Local hospital hopes to install residency program

Pullman Regional holds seventh annual Health Innovation Summit, plans for residency program



Erika Fleck, Director of Education and Information Technology at WSU Spokane, talks about virtual reality and the effects this technology has with medical students on Tuesday evening at the 2019 Health Innovation Summit at the SEL Event Center.

BENJAMIN WHITE, Evergreen reporter

Pullman Regional Hospital is pursuing a residency program to help train postgraduate medical students.

The hospital held its 2019 Health Innovation Summit at 5:30 p.m. Tuesday to inform community members about the residency program and other areas the hospital and its partners have been working in.

“I want people to understand what the residency is, why it’s important, how it benefits them directly and also the community in general and why it’s worth investing time and money into,” said Scott Adams, Pullman Regional Hospital CEO.

Most residency programs require additional financial support, he said, so they wanted to use the summit to generate enthusiasm for the program.

Jonathan Espenschied, associate dean of graduate medical education, said residency programs are primarily about education for the residents, but they also work alongside doctors to provide medical care.

“You do four years at medical school, you graduate, you have a medical degree, but you can’t practice medicine until you finish your residency,” he said.

They hope to be able to host 12 residents total when the program is up and running. They want the program to consist of four new residents a year for a three-year program, Espenschied said.

Adams said the first step to getting a residency program is having it accredited.

Roland Chen, faculty member at WSU’s School of Mechanical and Materials Engineering, speaks about mechanical simulations that benefits medical students at the 2019 Health Innovation Summit at the SEL Event Center.

They cannot have a residency program until it meets the standards set by the accreditation council for graduate medical education, he said.

“We’re just in the design and development phases now and we have to see what we have as far as requirements go, what the patient mix looks like to decide what our curriculum and didactics are going to be,” Espenschied said.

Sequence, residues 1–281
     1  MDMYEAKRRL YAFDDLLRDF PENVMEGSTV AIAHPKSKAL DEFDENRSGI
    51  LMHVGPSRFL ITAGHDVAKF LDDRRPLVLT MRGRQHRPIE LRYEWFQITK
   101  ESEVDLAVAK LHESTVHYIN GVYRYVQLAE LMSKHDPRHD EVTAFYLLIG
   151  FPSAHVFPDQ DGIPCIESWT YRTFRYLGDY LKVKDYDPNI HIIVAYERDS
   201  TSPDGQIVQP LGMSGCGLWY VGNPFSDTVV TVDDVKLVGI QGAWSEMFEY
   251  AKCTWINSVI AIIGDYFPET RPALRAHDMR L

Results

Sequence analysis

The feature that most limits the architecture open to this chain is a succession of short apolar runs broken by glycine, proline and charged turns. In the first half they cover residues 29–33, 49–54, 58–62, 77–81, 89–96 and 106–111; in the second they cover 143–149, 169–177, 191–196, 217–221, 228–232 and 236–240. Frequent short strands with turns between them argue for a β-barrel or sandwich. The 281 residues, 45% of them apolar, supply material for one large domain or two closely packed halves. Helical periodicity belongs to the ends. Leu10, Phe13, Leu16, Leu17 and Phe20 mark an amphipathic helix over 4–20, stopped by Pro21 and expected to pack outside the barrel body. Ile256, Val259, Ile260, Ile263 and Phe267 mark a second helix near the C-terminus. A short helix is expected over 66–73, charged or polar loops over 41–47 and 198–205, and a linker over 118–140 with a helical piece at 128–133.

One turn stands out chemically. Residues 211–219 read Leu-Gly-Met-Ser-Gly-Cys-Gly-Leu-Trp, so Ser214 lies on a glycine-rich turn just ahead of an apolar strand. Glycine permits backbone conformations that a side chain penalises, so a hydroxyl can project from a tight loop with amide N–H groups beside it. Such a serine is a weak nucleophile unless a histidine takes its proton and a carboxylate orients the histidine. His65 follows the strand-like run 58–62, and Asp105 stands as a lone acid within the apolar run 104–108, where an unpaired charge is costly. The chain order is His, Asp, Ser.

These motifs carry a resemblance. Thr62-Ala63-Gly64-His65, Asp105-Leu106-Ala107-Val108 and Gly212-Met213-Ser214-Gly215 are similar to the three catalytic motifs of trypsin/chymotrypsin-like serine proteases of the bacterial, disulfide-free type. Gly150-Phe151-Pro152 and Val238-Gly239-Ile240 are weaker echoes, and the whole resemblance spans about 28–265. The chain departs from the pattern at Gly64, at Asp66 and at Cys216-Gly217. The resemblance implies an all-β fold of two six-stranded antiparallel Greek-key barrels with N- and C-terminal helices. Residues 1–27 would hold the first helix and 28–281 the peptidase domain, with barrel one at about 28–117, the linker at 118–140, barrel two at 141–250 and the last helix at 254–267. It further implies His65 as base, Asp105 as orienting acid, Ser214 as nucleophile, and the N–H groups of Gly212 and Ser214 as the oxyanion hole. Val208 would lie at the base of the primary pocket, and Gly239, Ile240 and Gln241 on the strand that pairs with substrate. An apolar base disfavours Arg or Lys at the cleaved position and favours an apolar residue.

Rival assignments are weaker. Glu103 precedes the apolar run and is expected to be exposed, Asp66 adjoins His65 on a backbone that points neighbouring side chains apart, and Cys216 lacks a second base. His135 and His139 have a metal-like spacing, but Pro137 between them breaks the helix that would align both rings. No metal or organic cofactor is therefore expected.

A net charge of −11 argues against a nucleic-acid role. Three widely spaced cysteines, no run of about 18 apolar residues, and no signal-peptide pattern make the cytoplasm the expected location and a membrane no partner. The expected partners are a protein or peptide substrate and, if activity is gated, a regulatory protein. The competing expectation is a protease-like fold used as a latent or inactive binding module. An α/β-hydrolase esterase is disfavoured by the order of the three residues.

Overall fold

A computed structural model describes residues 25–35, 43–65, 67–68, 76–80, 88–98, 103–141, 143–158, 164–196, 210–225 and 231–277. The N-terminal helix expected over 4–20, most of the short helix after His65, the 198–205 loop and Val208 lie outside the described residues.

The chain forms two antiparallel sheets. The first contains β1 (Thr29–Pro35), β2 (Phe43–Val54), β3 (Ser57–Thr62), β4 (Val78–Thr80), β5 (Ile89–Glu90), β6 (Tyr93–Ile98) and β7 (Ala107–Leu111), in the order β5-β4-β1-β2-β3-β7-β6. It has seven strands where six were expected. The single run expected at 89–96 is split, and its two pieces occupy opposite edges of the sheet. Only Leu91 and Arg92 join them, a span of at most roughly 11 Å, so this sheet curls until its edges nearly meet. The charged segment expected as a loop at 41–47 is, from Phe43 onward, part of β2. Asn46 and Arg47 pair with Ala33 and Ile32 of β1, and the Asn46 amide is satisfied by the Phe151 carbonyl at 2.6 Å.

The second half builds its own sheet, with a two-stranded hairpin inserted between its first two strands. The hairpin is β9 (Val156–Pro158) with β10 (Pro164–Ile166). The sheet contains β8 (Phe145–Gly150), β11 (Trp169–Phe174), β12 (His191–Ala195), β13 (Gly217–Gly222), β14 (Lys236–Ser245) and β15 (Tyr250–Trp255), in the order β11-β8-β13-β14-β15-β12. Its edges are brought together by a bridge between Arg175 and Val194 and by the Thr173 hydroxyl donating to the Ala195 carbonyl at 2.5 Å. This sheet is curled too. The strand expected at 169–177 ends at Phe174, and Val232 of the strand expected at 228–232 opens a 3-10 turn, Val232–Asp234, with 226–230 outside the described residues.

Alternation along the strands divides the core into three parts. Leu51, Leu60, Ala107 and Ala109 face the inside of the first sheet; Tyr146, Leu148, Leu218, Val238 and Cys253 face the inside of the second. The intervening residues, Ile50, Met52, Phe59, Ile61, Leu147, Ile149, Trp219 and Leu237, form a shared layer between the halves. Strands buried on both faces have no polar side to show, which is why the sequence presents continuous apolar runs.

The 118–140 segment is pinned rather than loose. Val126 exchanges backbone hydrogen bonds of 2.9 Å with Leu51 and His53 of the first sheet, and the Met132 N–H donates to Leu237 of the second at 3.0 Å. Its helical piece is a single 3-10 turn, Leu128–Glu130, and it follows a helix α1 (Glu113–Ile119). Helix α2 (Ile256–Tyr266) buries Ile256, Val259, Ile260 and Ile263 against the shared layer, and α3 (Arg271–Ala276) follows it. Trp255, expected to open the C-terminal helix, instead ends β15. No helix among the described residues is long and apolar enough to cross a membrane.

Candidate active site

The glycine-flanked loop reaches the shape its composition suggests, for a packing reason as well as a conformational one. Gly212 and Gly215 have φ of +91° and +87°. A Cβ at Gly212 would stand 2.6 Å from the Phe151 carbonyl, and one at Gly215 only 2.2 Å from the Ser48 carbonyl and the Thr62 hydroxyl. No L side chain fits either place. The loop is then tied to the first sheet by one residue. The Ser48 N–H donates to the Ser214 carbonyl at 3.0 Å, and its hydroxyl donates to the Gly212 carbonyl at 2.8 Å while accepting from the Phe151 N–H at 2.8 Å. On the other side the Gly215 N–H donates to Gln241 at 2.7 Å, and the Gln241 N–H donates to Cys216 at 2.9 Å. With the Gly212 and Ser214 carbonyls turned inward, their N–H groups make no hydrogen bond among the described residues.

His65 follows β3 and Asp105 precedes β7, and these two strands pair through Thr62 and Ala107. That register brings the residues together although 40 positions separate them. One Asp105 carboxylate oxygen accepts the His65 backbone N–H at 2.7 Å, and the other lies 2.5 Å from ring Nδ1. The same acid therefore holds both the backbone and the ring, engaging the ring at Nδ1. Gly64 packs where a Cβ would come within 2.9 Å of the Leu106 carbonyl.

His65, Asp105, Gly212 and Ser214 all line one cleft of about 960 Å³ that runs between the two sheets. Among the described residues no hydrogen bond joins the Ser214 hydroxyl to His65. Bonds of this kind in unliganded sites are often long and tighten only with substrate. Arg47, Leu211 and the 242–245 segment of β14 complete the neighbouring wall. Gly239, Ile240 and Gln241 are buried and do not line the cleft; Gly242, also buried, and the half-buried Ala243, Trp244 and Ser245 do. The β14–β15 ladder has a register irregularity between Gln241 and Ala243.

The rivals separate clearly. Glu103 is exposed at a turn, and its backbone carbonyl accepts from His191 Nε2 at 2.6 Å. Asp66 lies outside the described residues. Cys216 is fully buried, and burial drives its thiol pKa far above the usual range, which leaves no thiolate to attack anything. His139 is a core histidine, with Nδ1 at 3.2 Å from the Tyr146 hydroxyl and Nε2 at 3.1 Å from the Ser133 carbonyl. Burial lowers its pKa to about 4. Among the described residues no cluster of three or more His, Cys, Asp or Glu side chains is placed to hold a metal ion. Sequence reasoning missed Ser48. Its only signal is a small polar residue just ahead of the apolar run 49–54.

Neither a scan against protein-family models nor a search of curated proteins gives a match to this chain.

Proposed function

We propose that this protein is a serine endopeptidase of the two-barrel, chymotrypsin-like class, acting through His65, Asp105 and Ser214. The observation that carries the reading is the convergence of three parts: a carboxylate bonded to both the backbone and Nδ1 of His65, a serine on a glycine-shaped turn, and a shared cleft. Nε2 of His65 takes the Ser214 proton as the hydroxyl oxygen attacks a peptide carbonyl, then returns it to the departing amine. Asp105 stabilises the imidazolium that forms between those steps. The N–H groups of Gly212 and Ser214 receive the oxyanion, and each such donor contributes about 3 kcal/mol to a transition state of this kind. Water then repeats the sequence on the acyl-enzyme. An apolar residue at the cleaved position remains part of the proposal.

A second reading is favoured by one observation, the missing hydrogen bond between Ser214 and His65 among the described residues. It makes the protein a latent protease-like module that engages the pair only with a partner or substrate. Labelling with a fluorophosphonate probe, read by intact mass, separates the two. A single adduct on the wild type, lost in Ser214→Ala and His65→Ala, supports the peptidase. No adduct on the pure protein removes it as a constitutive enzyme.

The summit also included displays of what the hospital and the medical school have been developing.

There were several different stations set up around the meeting room where the new innovative medical projects were being displayed.

One of those was a virtual reality simulation of the human body.

Erika Fleck, Elson S. Floyd School of Medicine director of education and information technology, said they use VR as a supplement to the curriculum for anatomy.

Students can use the technology for educational purposes, she said. The technology has been used for post-test VR archery contests for stress relief.

They also use the technology in scholarly projects, she said, which all medical students are required to engage in.

One student partnered with Providence Sacred Heart Medical Center and Children’s Hospital in Spokane, and made a virtual reality video of what it is like to be a pediatric patient prepping for a procedure, she said.

“When pediatric patients come to Sacred Heart they can put on that headset and have an immersive virtual reality experience to get ready and we hope that will reduce anxiety,” Fleck said.

Another station displayed wearable simulation technology.

Roland Chen, assistant professor in the School of Mechanical and Materials Engineering, said wearable simulation technology is artificial human tissue that a person can wear that allows students to practice giving shots or bandaging.

If you just practice on a dummy it takes much of the realism out of the experience, he said. Even if it is artificial flesh the needle is going into, having it on a human makes it a much more lifelike experience.